This post is part of a collaborative narrative series composed of my writing and Chris Arnade’s photos exploring issues of addiction, poverty, prostitution and urban anthropology in Hunts Point, Bronx. For more on the series, look here.
To evaluate the prevalence and correlates of non-fatal overdose among a polysubstance-using cohort of injection drug users (IDU) in Vancouver.
We evaluated factors associated with non-fatal overdose among participants enrolled in the Vancouver Injection Drug Users Study (VIDUS) using univariate statistics. Self-reports of the awareness of drugs taken and drug potency, polysubstance use, and assistance received at the time of non-fatal overdose were also recorded.
From 1 December 2003 to 1 June 2005, 551 participants who were active injectors were followed. In total, 37 (6.7%) individuals reported experiencing a non-fatal overdose in the previous 6 months. Factors positively associated with non-fatal overdose included public injecting (odds ratio (OR)=4.74, 95% confidence interval (CI) 2.35–9.37, P<0.001), crystal methamphetamine use (OR=4.11) and injection (OR=3.63), morphine injection (OR=3.55), non-injection opiate use (OR=3.30), frequent heroin injection (OR=2.28) and sex trade work (OR=2.12). Factors negatively associated with non-fatal overdose included participation in methadone maintenance therapy (OR=0.31) and injecting alone (OR=0.36). Sixty-two percent of individuals were unaware of drug potency, 64.9% of IDU were taking other drugs at the time of overdosing, with crack being the main drug (37.0%). Fifty-four percent were assisted by ambulance personnel, 56.8% were taken to accident and emergency or hospital, 38.1% left accident and emergency or hospital before being released, and 35.1% were given Naloxone.
Structural interventions are needed that seek to modify the social and contextual risks for overdose, increased access to treatment programmes, and trials of novel interventions for crystal methamphetamine users.¹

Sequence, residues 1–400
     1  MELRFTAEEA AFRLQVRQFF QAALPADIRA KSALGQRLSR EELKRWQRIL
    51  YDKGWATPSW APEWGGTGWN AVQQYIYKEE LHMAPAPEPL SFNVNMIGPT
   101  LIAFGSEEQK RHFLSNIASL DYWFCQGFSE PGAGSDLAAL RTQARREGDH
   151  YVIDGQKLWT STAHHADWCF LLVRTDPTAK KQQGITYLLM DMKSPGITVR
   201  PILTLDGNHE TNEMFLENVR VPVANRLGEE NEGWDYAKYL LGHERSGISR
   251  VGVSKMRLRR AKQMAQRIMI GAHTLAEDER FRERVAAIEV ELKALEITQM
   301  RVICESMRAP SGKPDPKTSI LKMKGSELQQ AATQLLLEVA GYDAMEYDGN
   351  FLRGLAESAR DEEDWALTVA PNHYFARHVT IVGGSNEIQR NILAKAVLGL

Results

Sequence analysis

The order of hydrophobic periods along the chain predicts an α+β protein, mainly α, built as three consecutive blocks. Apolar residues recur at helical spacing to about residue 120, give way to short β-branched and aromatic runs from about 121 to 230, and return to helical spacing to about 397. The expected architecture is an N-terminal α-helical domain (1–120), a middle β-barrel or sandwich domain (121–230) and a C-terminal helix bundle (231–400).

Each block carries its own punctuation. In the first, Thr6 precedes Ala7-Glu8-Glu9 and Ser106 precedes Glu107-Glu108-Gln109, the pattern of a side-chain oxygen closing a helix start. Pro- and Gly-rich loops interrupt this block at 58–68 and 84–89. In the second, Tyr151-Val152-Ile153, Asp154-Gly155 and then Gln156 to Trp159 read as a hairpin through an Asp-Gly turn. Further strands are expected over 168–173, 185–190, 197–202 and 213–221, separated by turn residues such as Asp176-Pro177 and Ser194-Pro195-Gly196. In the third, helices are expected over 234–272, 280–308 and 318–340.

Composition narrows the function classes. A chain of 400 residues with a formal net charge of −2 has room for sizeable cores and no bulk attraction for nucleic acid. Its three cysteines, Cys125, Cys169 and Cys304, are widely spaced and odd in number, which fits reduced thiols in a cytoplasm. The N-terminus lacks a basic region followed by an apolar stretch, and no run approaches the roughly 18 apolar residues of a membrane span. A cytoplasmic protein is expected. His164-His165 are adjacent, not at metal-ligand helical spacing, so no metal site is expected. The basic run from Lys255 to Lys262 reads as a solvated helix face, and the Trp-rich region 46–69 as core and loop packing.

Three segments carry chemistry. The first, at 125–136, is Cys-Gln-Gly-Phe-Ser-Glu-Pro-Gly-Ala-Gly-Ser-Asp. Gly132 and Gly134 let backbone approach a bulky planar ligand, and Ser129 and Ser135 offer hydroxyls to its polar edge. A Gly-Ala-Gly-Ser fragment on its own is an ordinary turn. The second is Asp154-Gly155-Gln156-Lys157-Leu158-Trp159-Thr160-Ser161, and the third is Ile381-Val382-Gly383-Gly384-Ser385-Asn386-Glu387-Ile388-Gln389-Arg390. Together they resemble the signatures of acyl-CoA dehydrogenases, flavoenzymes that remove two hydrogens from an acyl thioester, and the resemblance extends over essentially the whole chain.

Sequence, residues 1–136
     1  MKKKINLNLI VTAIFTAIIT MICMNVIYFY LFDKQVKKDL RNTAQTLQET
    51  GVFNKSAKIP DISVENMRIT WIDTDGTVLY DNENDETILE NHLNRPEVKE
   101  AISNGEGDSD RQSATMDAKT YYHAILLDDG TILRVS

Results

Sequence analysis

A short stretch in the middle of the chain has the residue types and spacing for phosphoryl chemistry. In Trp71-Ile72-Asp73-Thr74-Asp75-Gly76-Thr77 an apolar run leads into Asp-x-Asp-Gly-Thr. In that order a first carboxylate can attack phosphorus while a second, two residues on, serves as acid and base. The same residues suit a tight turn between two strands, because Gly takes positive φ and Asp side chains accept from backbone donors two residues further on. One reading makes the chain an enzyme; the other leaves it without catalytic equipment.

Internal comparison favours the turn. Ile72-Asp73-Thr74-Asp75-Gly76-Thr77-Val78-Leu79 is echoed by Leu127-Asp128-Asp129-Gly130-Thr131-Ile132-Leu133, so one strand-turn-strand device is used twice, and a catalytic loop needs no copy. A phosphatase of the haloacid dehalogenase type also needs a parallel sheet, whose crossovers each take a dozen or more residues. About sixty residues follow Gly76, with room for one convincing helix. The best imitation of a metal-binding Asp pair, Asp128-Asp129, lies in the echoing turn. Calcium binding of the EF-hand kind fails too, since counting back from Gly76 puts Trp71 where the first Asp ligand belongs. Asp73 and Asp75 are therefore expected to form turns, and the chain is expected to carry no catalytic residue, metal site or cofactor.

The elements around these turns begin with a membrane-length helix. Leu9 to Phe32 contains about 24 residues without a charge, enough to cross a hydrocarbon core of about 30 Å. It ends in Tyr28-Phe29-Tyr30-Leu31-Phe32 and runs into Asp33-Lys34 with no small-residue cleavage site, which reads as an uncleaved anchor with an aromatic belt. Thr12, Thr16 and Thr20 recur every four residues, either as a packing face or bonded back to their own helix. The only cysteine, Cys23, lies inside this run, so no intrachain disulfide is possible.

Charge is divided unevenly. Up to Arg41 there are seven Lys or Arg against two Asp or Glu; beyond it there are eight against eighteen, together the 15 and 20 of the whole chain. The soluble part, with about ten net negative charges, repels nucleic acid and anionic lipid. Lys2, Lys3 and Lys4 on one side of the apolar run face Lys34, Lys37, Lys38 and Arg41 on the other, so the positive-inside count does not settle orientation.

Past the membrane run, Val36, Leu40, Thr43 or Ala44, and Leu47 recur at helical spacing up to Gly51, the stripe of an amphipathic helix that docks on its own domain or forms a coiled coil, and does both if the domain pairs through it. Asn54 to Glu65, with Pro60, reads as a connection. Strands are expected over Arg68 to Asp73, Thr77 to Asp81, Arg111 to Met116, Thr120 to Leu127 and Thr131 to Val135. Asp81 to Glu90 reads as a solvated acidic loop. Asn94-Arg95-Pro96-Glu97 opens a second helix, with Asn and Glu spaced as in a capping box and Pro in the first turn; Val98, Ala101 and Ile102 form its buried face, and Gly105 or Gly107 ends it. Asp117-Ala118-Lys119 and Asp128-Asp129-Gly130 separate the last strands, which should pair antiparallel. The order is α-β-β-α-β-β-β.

Eric and Sonya: Their New City. Courtesy of Chris Arnade.
In the place to which they ran, the place meant for getting clean and getting jobs, Eric and Sonya tried crystal meth.
It was snowball-sized and their first time. $80 worth.
It was like tripping and coke together. They were twisted on the side of the road, under the wings of the elevated highway.
A woman on the side of the road looking like a normal, dirty party girl, but acting out of her mind, just offered it. She wanted someone to do it with.
They were on a trek to the place where they buy heroin, a mile or two away from home.
Home, an abandoned warehouse discovered to have electricity. A sprawling, broken-edged structure, where at night they huddle around a space heater that Eric had begged and make plans to call the Rhode Island Secretary of State about their kids.
During the days, they pace the road’s shadow for drugs, meander the nice part of town with its cobblestoned streets and historic buildings for money. Drugs bookend the day; panhandling comes in between.
Like other places they’ve been, Xanie bars are $5. Dope, more than that.
It’s fair to say that they do less now. Money’s harder here. The other day, a man offered Sonya $5 for a fuck. $5.
And the other night, she went into a restaurant/bodega and spent $20. Fresh heroin in her system, she started nodding, drifting to sleep or some other world at the table. The manager tried to throw her out, so she threw her beer at the wall across the store and cursed. A cop came, and she hasn’t been back.
Do they know how long it took for her to get $20, to enjoy the normalcy of sitting and eating?
But there’s more than one restaurant/bodega, some with Xanie bars just outside and men who speak black compliments inside. Stores where you can buy a shot of liquor in a plastic cup and convince someone to play Justin Timberlake’s “Take Back the Night” on the $2 jukebox. Isn’t that the one on the radio?